Me: 'Tú sabes como es eso...' (You know how it goes...)
Me: 'Nene, que la cosa es...' (Baby, the thing is...)
Well, I can't blame him, can I? Son had just been the victim of Cuban prolepsis.
He is ten, has been speaking in Spanish practically since he was in his Mum's womb (I used to play and sing to him Bola de Nieve's version of 'Drume Negrita' changing 'ita' for 'ito'. Yes, I know it doesn't rhyme, but what can you do? It's such a lovely lullaby and the Guanabacoense's voice is so soothing and mellow. I took good care not to drown the sound of his voice, but you can never be too careful, can you? Oops, I just realised that I am still in brackets), anyway, as I mentioned before, he has been speaking in Spanish for many years, but that doesn't mean that he can speak Cubanish. That's a different monster. And what a monster.
The natives of the largest island of the Antilles, that's us, Cubans, have the habit of stopping short of a word that the sentence seems to be leading to - as in "Well, you know ..." without specifying "it's difficult" or "it couldn't be any easier, mate". This phenomenon is called prolepsis and occurs in all languages. However, I have noticed that we, Cubans, do seem to enjoy this quasi-elliptical, linguistic, fortuitous occurrence more.
In German, in my experience, most people tend to finish their sentences, they don't expect others to do the donkey work for them. That's not what we do in Spanish. But whilst it's not a problem for us, dwellers of the Key to the Gulf, it's a nightmare for others. I am thinking of Wife now. I have lost count of the number of times when she has stood there in the middle of the kitchen, mouth wide open waiting for me to finish the phrase I had just started. Sometimes she even prompts me with: '... know... what exactly?' Now, she is well aware of this phenomenon, so I suspect she's playing me at my own linguistic game, but I have noticed that both Son and Daughter's faces remain blank and expressionless and I am afraid I might be laying the foundations for a future linguistic trauma that will unfold in years to come.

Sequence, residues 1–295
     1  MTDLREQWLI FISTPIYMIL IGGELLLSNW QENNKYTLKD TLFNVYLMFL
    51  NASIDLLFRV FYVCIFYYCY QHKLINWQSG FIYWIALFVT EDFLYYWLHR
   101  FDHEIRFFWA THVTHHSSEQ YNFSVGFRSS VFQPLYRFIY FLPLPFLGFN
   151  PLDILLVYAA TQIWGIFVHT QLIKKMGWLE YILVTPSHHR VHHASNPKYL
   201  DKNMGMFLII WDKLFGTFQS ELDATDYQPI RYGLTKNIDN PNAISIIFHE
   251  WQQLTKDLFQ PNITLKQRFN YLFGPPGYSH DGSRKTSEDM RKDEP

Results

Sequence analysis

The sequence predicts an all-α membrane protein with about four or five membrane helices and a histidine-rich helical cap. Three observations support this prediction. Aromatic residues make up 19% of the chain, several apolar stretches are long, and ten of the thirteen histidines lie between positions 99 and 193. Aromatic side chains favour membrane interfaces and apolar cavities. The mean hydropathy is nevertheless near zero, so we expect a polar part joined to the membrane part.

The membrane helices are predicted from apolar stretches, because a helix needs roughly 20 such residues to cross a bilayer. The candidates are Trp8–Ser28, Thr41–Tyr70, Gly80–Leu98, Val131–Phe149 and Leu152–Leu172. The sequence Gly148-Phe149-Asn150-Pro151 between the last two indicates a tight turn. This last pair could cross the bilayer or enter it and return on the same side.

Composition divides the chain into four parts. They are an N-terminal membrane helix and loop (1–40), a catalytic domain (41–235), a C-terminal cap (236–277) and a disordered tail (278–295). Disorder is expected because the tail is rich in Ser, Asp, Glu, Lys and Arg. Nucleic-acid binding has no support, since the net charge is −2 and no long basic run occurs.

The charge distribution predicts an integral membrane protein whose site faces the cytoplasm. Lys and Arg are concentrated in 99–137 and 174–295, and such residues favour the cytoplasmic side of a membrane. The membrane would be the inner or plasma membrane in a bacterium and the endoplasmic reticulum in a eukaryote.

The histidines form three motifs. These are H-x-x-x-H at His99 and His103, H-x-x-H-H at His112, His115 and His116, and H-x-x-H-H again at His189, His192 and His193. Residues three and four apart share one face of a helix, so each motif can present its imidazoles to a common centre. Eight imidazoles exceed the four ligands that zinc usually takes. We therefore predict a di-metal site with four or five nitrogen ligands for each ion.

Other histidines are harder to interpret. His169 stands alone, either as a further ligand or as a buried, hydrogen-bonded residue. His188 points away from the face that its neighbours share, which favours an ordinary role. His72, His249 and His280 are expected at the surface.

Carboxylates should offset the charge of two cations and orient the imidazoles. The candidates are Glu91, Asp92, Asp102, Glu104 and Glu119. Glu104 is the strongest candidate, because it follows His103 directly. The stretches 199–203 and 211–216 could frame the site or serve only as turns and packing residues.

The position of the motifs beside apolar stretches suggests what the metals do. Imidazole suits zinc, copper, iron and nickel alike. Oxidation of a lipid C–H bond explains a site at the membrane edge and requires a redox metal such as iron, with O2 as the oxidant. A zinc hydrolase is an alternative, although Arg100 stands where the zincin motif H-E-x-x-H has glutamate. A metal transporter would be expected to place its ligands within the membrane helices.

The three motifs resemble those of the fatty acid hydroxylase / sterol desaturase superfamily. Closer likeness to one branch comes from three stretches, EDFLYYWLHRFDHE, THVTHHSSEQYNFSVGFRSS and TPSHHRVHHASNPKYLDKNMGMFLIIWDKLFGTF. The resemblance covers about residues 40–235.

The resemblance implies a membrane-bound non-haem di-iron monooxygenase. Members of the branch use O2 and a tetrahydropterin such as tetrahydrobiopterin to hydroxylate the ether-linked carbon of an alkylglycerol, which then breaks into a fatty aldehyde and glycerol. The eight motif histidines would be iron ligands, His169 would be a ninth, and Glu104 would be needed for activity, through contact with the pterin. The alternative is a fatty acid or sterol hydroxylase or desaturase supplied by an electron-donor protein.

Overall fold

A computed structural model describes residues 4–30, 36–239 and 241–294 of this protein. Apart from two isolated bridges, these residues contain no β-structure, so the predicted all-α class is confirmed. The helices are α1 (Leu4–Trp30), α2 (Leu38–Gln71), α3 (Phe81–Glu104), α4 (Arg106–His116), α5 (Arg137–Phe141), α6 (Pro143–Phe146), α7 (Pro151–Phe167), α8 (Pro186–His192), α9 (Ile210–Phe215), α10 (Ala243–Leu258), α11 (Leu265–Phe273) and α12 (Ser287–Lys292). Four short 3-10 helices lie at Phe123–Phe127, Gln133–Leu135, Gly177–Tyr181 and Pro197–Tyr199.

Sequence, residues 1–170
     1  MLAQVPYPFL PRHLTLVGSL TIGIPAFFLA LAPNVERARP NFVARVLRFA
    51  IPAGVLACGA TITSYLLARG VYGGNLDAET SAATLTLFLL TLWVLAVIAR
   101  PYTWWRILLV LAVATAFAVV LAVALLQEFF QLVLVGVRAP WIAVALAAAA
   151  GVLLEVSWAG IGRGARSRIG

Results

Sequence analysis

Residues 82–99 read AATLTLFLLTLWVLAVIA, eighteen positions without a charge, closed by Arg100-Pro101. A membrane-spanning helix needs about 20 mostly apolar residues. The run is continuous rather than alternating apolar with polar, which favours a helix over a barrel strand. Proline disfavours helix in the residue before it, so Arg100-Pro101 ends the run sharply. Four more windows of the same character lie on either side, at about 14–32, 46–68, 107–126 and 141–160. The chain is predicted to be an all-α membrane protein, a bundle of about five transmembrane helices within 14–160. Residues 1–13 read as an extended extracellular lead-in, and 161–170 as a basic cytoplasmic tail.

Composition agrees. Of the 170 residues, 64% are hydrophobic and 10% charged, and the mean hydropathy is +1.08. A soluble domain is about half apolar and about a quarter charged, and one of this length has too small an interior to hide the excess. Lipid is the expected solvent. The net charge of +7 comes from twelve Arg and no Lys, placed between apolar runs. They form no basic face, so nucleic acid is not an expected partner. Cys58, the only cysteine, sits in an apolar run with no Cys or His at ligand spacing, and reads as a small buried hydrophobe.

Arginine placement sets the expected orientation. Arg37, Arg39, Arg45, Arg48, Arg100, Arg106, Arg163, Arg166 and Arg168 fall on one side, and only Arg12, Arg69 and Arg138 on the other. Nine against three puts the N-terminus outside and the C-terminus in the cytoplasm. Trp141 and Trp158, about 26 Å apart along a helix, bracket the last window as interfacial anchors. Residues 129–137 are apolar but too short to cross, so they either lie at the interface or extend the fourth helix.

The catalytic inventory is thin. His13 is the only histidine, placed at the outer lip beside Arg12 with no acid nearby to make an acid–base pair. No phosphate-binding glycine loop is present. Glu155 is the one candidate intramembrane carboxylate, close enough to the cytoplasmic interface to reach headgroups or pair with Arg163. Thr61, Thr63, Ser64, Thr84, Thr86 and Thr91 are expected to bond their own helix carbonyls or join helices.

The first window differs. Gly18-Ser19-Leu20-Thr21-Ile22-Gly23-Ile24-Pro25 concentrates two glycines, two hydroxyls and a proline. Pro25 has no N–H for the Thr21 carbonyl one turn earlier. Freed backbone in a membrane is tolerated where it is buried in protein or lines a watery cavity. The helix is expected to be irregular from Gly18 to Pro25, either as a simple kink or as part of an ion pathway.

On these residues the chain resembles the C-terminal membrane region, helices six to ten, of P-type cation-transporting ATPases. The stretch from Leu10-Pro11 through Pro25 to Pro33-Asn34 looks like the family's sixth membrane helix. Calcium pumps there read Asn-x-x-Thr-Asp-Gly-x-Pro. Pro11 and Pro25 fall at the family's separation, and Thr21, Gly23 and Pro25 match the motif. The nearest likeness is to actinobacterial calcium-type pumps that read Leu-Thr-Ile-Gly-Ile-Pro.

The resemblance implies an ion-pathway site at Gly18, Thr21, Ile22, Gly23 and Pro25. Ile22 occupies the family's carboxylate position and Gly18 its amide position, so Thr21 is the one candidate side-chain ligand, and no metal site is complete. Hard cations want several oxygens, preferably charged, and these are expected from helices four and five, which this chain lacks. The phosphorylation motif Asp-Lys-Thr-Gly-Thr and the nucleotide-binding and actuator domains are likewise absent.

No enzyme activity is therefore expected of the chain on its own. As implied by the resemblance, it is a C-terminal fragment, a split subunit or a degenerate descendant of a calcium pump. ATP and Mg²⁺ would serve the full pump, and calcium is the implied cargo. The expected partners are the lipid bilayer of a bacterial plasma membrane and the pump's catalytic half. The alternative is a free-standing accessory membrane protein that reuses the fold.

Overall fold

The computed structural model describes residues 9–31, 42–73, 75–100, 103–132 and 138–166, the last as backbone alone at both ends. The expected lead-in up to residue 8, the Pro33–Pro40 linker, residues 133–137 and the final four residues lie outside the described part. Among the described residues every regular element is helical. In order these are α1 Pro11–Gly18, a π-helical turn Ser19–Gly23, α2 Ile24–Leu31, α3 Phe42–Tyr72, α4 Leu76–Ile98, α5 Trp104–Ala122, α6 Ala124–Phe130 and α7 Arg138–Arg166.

In French, and in English, too, especially in Britain, people tend to stutter (I've noticed these bouts of sudden stammer more amongst the chattering classes in both nations than in working class folk who usually tell it like it is, then again in Britain's case it could be a case of Hugh Grantinitis; he created a template against which most foreigners judge white, middle-class British men by. Oopsie daisy, I went over the top again whilst writing in brackets, sorry!); this stuttering might be conducive to prolepsis, but as in German, the idea being expressed is completed, the other person is satisfied with the reply and everybody goes home happy and with a spring in their step. In Cuba, on the other hand, the omission of parts of a standard syntactical construction is pretty customary and nobody bats an eyelid over it.
Son, then, has a steep, linguistic hill to climb, but one where culture, once again, plays an important role. I know he will appreciate it. In the meantime, I will do my best to finish my sentences off, close them, lock them up and keep the key in my pocket.
Because you know...
Illustration courtesy of Garrincha